At least 30 people have been killed after gunmen stormed and set fire to a busy market in northwest Nigeria, marking the latest brutal development in the security crisis currently in the country.
Nigeria is facing its worst instability in decades, facing threats not only from jihadists and separatists, but also from a wave of banditry in the northwest that has killed many and kidnapped hundreds of school children. have been taken, forcing thousands to flee the area.
With President Muhammadu Buhari struggling on an election promise to protect the population from terror and crime in 2015, the government has intensified military operations and a wave of telephone and Internet blackouts in the northwestern states of Zamfara, Katsina, Sokoto and Kaduna. has ordered.
According to Nigeria, locals reported that 200 gunmen who were seen riding motorcycles in the Goronyo town of Sokoto went straight to a weekly market and opened fire on merchants and shopkeepers. Premium Times Newspaper.
Sokoto governor Aminu Waziri Tambuwal said the attack began on Sunday and continued until Monday morning.
At least 30 people were killed, the governor’s office said. But local resident and businessman Ilyasu Abba told Reuters that there were 60 bodies in the morgue of the Goronyo General Hospital, and that others were said to have been injured while fleeing.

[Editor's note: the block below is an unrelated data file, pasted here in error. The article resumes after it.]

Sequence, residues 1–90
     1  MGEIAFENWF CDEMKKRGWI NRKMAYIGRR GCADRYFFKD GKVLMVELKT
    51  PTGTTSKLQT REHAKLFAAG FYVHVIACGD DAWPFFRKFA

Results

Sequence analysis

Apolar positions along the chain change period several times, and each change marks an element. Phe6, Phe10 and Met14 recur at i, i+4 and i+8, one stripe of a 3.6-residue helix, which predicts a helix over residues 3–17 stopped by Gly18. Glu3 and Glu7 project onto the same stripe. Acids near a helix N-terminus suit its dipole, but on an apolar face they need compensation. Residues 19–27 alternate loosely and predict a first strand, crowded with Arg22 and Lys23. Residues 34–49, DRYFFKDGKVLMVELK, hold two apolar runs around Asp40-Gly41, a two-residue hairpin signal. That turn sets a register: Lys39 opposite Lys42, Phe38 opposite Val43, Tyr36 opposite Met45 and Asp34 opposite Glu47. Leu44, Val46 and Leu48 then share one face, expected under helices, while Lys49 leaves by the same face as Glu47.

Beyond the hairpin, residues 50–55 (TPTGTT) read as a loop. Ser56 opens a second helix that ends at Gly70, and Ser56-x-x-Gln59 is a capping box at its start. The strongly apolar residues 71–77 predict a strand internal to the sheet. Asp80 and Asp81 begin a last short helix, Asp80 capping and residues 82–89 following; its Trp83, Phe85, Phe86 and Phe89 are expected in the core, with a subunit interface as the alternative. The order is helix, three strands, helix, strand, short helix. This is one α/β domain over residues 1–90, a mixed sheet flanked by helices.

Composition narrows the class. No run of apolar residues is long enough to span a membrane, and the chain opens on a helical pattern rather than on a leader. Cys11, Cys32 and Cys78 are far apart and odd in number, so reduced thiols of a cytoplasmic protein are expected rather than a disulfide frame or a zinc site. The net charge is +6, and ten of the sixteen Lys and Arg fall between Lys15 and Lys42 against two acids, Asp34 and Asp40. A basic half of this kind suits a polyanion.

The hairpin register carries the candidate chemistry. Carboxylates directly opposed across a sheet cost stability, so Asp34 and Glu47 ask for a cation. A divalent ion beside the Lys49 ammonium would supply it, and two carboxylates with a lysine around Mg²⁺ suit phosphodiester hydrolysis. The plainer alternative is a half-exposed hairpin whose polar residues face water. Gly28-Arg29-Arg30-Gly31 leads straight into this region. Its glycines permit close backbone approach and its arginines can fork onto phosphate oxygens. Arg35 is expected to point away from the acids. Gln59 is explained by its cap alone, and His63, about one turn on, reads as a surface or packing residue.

The gunmen, at least initially, overpowered the police, who tried to intervene, and fired sporadically into the crowd, “as they surrounded the market firing in every direction to kill people”. Mr. Abba said.
It comes less than a fortnight after more than 30 people were killed in two market attacks in the same state, in Guadabawa and Sabon Birni, believed to have been carried out by opposing groups. A few days ago it was reported that 17 people were kidnapped from their homes in Saban Birni.
To suppress attacks, the local government had previously banned rural markets in parts of Sokoto state, whose major city is an ancient caravan route to the Sahara and serves as a major trading center for millions of people. .
But violence in Sokoto has intensified in recent weeks as the military launched a campaign to drive away attackers from their forest base in Zamfara. Premium Times, Who informed of Three notorious “bandit gangsters” are believed to have moved from Zamfara to new bases in Sokoto in recent months.
At least 60 percent of the nearly 500,000 residents are believed to have fled violence in the Sabon Birni region alone, local politician Amina al-Mustafa told the Associated Press last month, some taking refuge across the border in Niger.
Credit: www.independent.co.uk /